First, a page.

Navigating My Early 20s: Relationships

It’s 3:50pm and I’m writing this from our new office. This used to be our rarely-used spare bedroom, so instead we thought we’d take advantage of the natural light that floods in by turning it into a working space.

It’s a clean mix of white IKEA furniture and monochrome art prints, with the occasional remnant of it’s past life still lingering, like the tv mounted on the wall, looking at the empty space where the bed used to be. It reminds me of many happy nights curled up together watching Lost or Grand Designs when we’d sleep in this room as a ‘treat’ because the mattress was infinitely comfier. Now, this room is where we work together, spurring each other on to be as creative as possible. We’re listening to Brian Eno and the rain is tapping at the window, it’s a slow but peaceful day.

As I’m sipping my coffee, I’m procrastinating writing by looking through old uni pictures and it dawns on me that I’m turning 23 soon. That’s hardly cause for a midlife-crisis, but as someone who still gets a brief feeling of disappointment when seeing a sign that says “18 only”, and then has to remind herself that it’s been a long time since that rule applied, 23 seems a little out of my depth.

If you ask me how old I feel at heart, my initial answer would be that I still feel as I did when I was 17. I’m still very sociable and thrive off being around people with a similar sense of humour. I still have FOMO and will rarely turn down an invitation to socialise if I don’t have work or other engagements. I’m still naive in many ways about ‘adult things’ like changing energy suppliers, ISAs and tax returns. I still just want to cuddle dogs all day, every day and eat tomato pasta for every meal, is that such a crime?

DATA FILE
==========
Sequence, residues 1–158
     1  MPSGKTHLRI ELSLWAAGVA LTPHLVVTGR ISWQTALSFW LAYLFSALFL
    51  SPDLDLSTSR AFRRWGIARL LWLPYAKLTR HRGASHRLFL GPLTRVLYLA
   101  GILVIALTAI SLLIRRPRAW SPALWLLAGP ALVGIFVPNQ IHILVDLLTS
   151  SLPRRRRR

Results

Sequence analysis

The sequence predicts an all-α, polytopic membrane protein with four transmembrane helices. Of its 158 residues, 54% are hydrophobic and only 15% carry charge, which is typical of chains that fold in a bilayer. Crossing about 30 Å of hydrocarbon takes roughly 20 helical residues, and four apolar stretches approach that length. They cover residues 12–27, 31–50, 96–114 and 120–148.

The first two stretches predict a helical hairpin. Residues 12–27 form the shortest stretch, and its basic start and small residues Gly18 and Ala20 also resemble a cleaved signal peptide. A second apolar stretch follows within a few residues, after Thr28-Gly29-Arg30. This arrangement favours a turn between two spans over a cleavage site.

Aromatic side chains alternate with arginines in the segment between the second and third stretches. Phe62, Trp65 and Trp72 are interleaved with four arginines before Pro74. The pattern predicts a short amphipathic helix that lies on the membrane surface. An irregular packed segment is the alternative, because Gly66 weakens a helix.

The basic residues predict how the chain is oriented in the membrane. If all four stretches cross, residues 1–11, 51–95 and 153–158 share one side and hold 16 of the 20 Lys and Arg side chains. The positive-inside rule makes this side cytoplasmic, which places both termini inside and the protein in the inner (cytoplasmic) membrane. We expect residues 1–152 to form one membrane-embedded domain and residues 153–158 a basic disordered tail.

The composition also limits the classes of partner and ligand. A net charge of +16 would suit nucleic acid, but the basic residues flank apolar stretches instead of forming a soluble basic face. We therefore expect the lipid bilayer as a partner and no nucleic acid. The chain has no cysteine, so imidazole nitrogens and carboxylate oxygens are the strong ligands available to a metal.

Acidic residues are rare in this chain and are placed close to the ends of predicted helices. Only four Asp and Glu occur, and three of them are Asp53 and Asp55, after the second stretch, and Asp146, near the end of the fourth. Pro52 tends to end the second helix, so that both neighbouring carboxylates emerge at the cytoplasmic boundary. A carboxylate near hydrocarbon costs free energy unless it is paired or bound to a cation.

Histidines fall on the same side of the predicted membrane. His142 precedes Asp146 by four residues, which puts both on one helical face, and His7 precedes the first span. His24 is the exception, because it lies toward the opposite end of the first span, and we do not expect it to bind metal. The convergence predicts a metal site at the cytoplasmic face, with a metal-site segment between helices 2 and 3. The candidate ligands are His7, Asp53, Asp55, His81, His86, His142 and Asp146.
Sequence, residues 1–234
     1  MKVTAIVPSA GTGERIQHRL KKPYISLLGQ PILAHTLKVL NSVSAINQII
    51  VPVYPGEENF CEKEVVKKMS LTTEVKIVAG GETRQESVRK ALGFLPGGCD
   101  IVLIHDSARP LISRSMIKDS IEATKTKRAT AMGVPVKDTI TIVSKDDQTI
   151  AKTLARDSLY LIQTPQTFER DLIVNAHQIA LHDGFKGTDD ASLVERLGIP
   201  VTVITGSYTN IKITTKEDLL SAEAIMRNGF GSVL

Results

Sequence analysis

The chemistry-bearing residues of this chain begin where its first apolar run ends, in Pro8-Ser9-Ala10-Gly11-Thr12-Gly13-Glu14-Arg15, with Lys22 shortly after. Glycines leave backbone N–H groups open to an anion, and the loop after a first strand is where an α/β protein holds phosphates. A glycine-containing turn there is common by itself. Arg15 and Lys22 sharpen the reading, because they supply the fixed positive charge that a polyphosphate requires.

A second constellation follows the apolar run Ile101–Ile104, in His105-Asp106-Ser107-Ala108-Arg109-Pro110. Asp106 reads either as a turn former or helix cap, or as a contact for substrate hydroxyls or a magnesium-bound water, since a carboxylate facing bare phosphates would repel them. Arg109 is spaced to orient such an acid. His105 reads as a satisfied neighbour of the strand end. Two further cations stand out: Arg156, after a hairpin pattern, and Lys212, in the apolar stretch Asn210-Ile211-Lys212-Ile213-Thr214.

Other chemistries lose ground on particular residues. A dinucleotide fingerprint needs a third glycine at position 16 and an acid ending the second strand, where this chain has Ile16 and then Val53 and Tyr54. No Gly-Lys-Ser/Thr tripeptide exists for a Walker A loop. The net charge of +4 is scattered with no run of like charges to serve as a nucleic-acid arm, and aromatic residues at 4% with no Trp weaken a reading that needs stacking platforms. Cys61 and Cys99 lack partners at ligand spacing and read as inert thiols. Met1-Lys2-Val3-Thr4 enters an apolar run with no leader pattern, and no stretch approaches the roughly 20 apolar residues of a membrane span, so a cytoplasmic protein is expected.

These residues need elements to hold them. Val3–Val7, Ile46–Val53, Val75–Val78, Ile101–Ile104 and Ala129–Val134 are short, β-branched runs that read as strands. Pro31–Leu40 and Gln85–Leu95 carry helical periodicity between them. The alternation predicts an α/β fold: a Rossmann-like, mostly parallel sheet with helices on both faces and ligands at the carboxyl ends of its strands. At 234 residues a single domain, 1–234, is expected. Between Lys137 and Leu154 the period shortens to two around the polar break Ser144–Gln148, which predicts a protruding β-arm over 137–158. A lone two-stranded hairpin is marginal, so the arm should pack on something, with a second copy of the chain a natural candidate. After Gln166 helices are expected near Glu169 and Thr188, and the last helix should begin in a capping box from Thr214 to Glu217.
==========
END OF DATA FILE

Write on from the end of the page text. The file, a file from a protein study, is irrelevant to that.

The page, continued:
But the deeper I reflect, I arrive at a different conclusion. At 22 I’m living in a city that I did not grow up in, in a house that I rent with my partner and dog; I pay the bills through my part-time job, whilst I simultaneously pursue my self-employed career (which is now officially professional), whilst maintaining an Instagram job. By all intents and purposes I am an adult.

I’ve done a hell of a lot of growing up in the past few years it seems. Looking back, I’m unashamed to say that I’ve always been a serial offender when it comes to long term relationships.

My late teens and early 20s have seen their fair share of them come and go, with only a short while in between. I used to find it very difficult being single and would only be on Tinder for a few fleeting swipes before I’d found the next love of my life... I think it was because I didn’t know who I was yet, and I was looking for someone to ‘complete’ me (despite never admitting it). Cue some awkward dates and casual arrangements that my friends and I still laugh about to this day.

I’d been in a long term relationship from the age of 14 to 18. At such a young age I was so impressionable that his interests became my interests and his taste in films was my taste in films, and so on. Hurtling head first out of that into living in a strange city with people I didn’t know and my first taste of adult independence, left me with a sense of loneliness and uncertainty. I was on my own, for the first time in longer than I could remember and I didn’t know who I was or what I was about. Instead of starting over and opening myself up to new things, I reached for my comfort blanket by jumping straight into another serious relationship with the first person that showed me the blindest bit of interest.